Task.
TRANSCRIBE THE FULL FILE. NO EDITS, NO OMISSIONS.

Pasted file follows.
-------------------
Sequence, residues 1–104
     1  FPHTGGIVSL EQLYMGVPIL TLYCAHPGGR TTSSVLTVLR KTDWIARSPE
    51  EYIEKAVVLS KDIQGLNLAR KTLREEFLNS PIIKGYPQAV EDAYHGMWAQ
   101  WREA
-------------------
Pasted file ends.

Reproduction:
Sequence, residues 1–104
     1  FPHTGGIVSL EQLYMGVPIL TLYCAHPGGR TTSSVLTVLR KTDWIARSPE
    51  EYIEKAVVLS KDIQGLNLAR KTLREEFLNS PIIKGYPQAV EDAYHGMWAQ
   101  WREA